Accrued Taxes: Everything You Need to Know
Accrued taxes are taxes that have been assessed against a company's earned revenue or property value that has not been paid yet.3 min read
2. Definition of Accrued Expenses
3. Accrued Income Taxes vs. Deferred Taxes
4. Tax Accruals
Accrued taxes are taxes that have been assessed against a company's earned revenue or property value that has not been paid yet.
Definition of Accrued Taxes
In simple terms, accrued taxes refers to taxes assessed against a company that have not yet been paid, whether those taxes are on the company's earned revenue or on the value of any property the company owns. If a company fails to pay accrued taxes by a specific due date, additional penalties and interests may be applied to the total amount owed. Accrued taxes are also listed as liabilities on the company's books.
Definition of Accrued Expenses
Accrued expenses are expenses that are related to accounting and are listed on the company's books before they are paid. Accrued expenses are also listed as a liability and are typically current. These expenses are usually periodic in nature, and they should be documented on the company's books because there's a good chance that they're going to be collected. An accrued expense is the opposite of a prepaid expense. Companies usually accrue periodic expenses, such as:
- Employee wages
Although these expenses are going to be paid at some point in the future, they're listed on the company's books, starting from the date that the company can reasonably expect them to be paid until they're actually paid in full. For example, interest built up on a loan acquired from the bank would be considered an accrued expense.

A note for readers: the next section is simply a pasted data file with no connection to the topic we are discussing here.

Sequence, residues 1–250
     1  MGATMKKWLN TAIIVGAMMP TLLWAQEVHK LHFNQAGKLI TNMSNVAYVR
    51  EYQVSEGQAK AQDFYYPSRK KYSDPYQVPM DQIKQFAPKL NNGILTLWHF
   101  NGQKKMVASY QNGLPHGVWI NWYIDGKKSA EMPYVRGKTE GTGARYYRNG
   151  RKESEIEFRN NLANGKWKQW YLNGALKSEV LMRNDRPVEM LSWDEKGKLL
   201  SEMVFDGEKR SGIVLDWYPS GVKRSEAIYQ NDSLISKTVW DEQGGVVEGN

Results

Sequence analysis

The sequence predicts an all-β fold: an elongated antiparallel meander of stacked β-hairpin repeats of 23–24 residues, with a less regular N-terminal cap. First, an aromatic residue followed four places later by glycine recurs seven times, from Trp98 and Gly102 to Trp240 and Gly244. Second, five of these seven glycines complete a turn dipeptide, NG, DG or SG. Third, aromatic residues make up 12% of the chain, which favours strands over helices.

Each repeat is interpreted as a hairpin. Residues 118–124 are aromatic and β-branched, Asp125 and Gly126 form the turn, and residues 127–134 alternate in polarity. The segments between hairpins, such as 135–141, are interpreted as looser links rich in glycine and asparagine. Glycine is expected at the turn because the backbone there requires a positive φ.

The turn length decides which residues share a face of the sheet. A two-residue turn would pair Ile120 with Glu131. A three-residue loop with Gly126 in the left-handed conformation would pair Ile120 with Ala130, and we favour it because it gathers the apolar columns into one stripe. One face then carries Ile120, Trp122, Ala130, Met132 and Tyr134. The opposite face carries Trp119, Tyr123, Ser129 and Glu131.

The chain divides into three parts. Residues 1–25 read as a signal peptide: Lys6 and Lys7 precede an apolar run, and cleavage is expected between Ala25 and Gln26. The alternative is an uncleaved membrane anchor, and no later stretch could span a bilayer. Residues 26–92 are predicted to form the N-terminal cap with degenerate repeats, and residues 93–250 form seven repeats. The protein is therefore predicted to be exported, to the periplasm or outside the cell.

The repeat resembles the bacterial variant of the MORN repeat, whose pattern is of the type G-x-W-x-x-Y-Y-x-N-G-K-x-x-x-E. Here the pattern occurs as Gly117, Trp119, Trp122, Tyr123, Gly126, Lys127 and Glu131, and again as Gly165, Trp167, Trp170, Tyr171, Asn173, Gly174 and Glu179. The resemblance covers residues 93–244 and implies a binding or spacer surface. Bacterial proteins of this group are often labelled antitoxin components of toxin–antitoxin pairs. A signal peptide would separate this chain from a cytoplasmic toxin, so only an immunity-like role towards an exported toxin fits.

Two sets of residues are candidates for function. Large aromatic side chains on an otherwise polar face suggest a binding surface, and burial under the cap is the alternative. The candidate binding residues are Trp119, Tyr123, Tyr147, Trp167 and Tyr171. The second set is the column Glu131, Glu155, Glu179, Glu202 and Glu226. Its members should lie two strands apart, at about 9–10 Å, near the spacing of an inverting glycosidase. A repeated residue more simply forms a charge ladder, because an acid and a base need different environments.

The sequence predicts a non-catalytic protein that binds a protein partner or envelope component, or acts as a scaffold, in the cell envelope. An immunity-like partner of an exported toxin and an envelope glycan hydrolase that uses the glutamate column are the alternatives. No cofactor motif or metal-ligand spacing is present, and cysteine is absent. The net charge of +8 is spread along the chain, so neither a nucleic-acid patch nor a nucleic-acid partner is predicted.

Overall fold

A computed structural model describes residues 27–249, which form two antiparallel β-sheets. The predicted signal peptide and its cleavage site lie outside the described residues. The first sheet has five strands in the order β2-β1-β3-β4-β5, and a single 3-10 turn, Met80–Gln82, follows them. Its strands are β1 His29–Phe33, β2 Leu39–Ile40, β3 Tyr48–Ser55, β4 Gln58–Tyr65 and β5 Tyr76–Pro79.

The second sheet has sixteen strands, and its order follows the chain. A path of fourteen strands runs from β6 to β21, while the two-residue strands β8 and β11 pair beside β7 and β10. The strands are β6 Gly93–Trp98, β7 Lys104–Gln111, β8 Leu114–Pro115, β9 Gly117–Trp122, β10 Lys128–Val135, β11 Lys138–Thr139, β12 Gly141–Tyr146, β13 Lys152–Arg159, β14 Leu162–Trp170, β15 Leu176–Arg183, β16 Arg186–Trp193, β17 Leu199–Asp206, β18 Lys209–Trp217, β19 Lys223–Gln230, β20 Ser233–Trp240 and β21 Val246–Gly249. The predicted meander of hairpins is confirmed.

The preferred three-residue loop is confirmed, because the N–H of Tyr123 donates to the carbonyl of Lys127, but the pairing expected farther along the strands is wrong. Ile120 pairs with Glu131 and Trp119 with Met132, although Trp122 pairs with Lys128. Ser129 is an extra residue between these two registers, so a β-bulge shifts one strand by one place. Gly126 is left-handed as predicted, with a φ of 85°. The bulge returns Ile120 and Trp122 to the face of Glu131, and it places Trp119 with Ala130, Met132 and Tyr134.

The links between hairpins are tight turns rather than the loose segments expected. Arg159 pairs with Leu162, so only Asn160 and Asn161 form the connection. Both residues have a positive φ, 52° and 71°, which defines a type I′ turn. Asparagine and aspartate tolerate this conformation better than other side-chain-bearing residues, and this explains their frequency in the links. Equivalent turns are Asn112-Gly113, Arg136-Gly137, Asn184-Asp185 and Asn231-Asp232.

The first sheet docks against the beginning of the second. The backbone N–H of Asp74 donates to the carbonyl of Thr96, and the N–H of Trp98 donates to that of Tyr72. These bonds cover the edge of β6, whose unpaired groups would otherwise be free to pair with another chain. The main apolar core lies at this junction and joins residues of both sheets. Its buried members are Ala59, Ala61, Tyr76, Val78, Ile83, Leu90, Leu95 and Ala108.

Accrued Income Taxes vs. Deferred Taxes
These days, most companies use an accrual accounting structure. With this model, they make journal entries using deferrals and accruals to indicate expenses and revenue based on the Generally Accepted Accounting Principles, or GAAP. These deferrals and accruals should reflect their associated principles and realization principles for the purposes of accounting. Matching principles state that expenses need to be recognized at the same time as the revenues that they relate to.
Realization principles state that revenue needs to be recognized once the earning process has been completed and there is reasonable cause to hope for a payment to be collected from clients. Deferrals, otherwise known as "prepayments," are transactions that involve the flow of cash preceding the time at which expenses are recognized. Some examples of deferrals include:
- Prepaid insurance
- Prepaid supplies
- Unearned revenue
Accruals are the transactions in which revenue or expenses are recognized before funds are transferred from one party to another. Examples of accruals can include:
- Accrued rent
- Accrued salaries
- Accrued taxes
Accrued taxes can be thought of as liability accounts that reflect the total amount of taxes that are owed within a specific period of time. In other words, it's the amount the company currently owes in taxes that they have not yet paid. Deferred taxes, on the other hand, are considered to be asset accounts that provide an economic benefit to the organization at some point in the future. Basically, they're taxes that the company has prepaid but hasn't been billed for yet.
Whether you're dealing with deferred taxes or accrued taxes, they should both be adjusted once you reach the end of a period. This means you'll need to make entries for these adjustments on your company's books based on established accrual accounting practices. Due to the fact that prepaid expenses are considered assets, these adjustment entries should be treated as debits to their associated expenses and credits on associates assets. In the case of accrued taxes, however, the adjustment entry is treated as a debit on related expenses and a credit on related liabilities.
The Internal Revenue Service received almost 2.5 million tax returns from corporate entities in 2010. Every one of the filing companies was required to prepare tax accrual accounts in order to determine how much they owed in taxes. If you are a business owner and you or any of the other company members don't have a solid understanding of tax accruals, it's likely that you're going to encounter problems with the Internal Revenue Service.
Tax accruals are the establishment of tax liabilities and obligations that you enter into, whether it's because you have collected sales tax or as a result of self-assessing your use taxes.
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